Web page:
Regular home and office dictionaries will usually suffice for general use; however, collegiate (college) and unabridged dictionaries are the best choice because they are much more comprehensive in both the number of words included and the depth of each entry.

If your readers are primarily North American, consider the most recent versions of Merriam-Webster’s Collegiate Dictionary or The American Heritage College Dictionary. If your readers are largely English speakers outside of North America, consider the Oxford Dictionary of English.

And if you don’t have room on your desk for a giant tome, you can also subscribe to the complete online version of Merriam-Webster Unabridged or the Oxford English Dictionary. The American Heritage College Dictionary doesn’t have a premium online subscription service, but it does offer paid Android and iOS apps.

Happy blogging!

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Please note: This is not a sponsored post. The Amazon.com links are provided purely as a convenience to my readers.

 

Erin Wright is a freelance writer and editor in Chicago, Illinois. She specializes in business and creative content.

Basic Copyediting Marks

Today, Microsoft Word’s track and review features are the editing tools of choice. But, red pens and hand-marked edits won’t journey to the land of dinosaurs and VHS tapes as long as we still use real paper from time to time.

Here is a simple graphic demonstrating ten basic copyediting marks:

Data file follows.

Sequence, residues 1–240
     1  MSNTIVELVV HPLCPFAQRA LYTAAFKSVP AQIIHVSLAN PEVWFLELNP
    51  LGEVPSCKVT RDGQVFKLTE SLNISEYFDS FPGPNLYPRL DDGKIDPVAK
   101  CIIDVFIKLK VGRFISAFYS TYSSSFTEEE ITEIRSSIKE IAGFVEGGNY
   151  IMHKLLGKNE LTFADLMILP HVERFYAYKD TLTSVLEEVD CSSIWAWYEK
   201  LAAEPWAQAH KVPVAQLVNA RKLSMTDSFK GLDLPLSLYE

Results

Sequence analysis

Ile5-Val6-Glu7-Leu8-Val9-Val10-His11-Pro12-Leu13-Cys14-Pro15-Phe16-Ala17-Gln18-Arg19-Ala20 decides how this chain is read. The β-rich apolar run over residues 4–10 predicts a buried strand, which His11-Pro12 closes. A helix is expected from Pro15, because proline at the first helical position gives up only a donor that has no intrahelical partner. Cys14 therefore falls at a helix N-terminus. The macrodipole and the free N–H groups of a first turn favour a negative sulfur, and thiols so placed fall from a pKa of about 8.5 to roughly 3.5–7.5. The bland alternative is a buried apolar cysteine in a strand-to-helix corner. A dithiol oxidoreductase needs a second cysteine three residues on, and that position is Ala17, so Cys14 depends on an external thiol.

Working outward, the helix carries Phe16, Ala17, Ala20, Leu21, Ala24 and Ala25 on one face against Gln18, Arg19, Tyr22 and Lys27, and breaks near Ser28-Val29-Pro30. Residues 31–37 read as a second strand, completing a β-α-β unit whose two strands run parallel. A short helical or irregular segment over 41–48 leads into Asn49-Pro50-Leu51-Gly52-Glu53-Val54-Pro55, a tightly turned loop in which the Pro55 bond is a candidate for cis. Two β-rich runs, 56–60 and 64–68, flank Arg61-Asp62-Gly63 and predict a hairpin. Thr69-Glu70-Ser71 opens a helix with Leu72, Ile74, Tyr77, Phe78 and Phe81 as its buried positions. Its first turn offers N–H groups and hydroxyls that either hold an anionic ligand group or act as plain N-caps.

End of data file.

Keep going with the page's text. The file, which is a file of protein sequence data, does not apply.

Ten Basic Copyediting Marks

There are several other copyediting marks that perform advanced functions, such as moving and italicizing text, but the ten marks shown above can handle many common situations.

Please let me know if you would like to see a similar graphic showing advanced copyediting marks!

Erin Wright is a freelance writer and editor in Chicago, Illinois. She specializes in business and creative content.

Book Review: Blog Inc. by Joy Deangdeelert Cho

I really enjoyed Blog Inc., but Mr. Heckle and Mr. Jeckle were rather disinterested.

I really enjoyed Blog Inc., but Mr. Heckle and Mr. Jeckle were rather uninterested.

My Very Occasional Book Review series continues with a look at Blog Inc. Blogging for Passion, Profit, and to Create Community by Joy Deandgdeelert Cho.

Blog Inc. covers a wide variety of topics including choosing a blog platform, monetizing your blog, and leveraging your blog to publish a book (as Joy Deandgdeelert Cho did). The book also includes eighteen short interviews highlighting successful bloggers from a variety of creative fields. It concludes with a two-page section listing the names and web addresses for all of the resources mentioned throughout the book.

The Positives
Blog Inc. provides a broad overview of blogging without getting mired in the mechanics of a specific platform, while the interviews offer an inspirational glimpse into the various paths different people have taken to become successful bloggers. In addition, the author openly discusses one of the most difficult aspects of blogging—negative comments from readers.

The Drawbacks